Torah

Masechet Avodah Zarah 27a-33b

September 2, 2010

The Coming Week’s Daf Yomi by Rabbi Adin Steinsaltz

This essay is based upon the insights and chidushim (original ideas) of Talmudic scholar Rabbi Adin Steinsaltz, as published in the Hebrew version of the Steinsaltz Edition of the Talmud.

Avodah Zara 27a-b: Dilemmas in circumcision

  • Can a woman – who does not have a circumcision – circumcise a baby?
  • Must the person who circumcises a Jewish child be Jewish himself?

Two passages are brought on today’s daf that limit the kind of people who can perform circumcision. Daro bar Papa quotes the pasuk that permits only those like Abraham and his descendants to act as a mohel (see Bereshit 17:9), while Rabbi Yochanan quotes the pasuk that is understood to limit a brit milah only to people who, themselves, have been circumcised (see Bereshit 17:13).

The Gemara suggests several differences that may stem from these different sources. For example, according to the first pasuk, women may be excluded, since they cannot be circumcised. According to the second pasuk, however, since women are considered as if they have been circumcised, they would be able to circumcise others – with Moshe’s wife, Tzipporah a prime example (see Shemot 4:25).

Another suggested difference relates to a non-Jew. According to the first pasuk, a non-Jew may not play the role of someone like Abraham or his descendants, and therefore cannot circumcise. According to the second pasuk, however, nations that circumcise their children for religious reasons may be able to circumcise Jewish children, as well. Thus it is possible that an Arab or a Gavnuni who has been circumcised can circumcise others.

Although the suggestion that an Arab, that is, a descendant of Abraham’s son, Yishmael, is circumcised and can circumcise others is fairly straightforward, identifying a circumcised Gavnuni presents more of a challenge. Some rishonim had a variant reading in the Gemara that substitute Givoni, referring to the tribe that converted in the time of Yehoshua (see Sefer Yehoshua chapter 9), although the Ra’avad objects, arguing that they are true converts and therefore Jewish themselves. The Aruch suggests that the Gavnuni are one of the children of Keturah, Abraham’s second wife (see Tehillim 68:16-17), who lived in the mountains. These people may be obligated in circumcision, and keep it to this day.


Avodah Zara 28a-b: Medical issues on Shabbat

We know how seriously the Torah takes the laws of Shabbat, yet for piku’ach nefesh – when there is danger to life – the laws of Shabbat are pushed aside.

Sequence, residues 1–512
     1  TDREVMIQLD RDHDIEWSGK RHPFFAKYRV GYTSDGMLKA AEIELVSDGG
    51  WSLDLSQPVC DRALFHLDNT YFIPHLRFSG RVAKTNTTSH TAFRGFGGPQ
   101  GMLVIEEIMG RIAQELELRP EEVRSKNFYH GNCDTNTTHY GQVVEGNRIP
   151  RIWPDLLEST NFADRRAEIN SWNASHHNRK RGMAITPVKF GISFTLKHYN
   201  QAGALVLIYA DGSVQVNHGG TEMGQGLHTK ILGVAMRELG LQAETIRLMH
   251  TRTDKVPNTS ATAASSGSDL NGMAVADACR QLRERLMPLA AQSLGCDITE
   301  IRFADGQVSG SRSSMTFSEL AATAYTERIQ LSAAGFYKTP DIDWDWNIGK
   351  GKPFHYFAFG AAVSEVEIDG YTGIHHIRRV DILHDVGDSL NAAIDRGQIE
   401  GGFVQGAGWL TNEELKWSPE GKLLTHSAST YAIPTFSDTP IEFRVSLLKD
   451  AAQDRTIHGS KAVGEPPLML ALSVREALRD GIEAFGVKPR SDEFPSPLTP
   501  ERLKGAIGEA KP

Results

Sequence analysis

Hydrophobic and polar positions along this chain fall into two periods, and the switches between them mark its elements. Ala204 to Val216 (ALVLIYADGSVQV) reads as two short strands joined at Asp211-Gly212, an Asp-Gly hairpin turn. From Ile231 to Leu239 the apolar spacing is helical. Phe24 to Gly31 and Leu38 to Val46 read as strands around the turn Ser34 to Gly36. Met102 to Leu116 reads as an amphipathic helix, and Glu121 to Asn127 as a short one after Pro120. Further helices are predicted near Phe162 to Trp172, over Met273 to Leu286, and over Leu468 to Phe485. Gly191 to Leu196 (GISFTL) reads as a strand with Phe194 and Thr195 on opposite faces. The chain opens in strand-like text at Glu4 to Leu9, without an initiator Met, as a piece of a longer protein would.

The Gemara on today’s daf notes that this is true not only when there is a clear danger, but also when there is any makah shel chalal – an internal injury – we will automatically be willing to treat the person, although Talmidei Rabbeinu Yonah explain that this does not refer to a minor pain or complaint, only a known injury or serious pain.

This discussion leads to a question about whether an injury or disease to teeth and gums would be included. Are they considered to be “internal”? As a proof to this question, the Gemara tells of Rabbi Yochanan who was suffering from tzefidna, and was treated by a Roman matron, who agreed to share the secret of the treatment if Rabbi Yochanan swore not to reveal it to others. Rabbi Yochanan replied “I swear to the God of Israel I will not reveal it.” Upon learning the cure, he told her that he would publicize it, explaining that he had taken a vow not to reveal it to the God of Israel, but to His people he planned to reveal it.

Clearly, Rabbi Yochanan viewed the information about the cure as being a life-and-death matter that had to be shared publicly. The Ritva and Me’iri point out that even so, he was obligated to explain to the matron that his oath was not binding and that he planned to tell others the cure.

From the description in the Gemara, tzefidna appears to be scurvy, a disease marked by a lack of Vitamin C, which leads to a weakening of teeth and gums, internal bleeding and anemia. The descriptions in the Gemara of various methods that were used in an attempt to cure tzefidna were, apparently, attempts to make up the lack of this vitamin by ingesting it in a concentrated manner.


Avodah Zara 29a-b: Talmudic medicine

Following the discussion on yesterday’s daf regarding offering cures on Shabbat, the Gemara on today’s daf continues with descriptions of remedies for a variety of illnesses.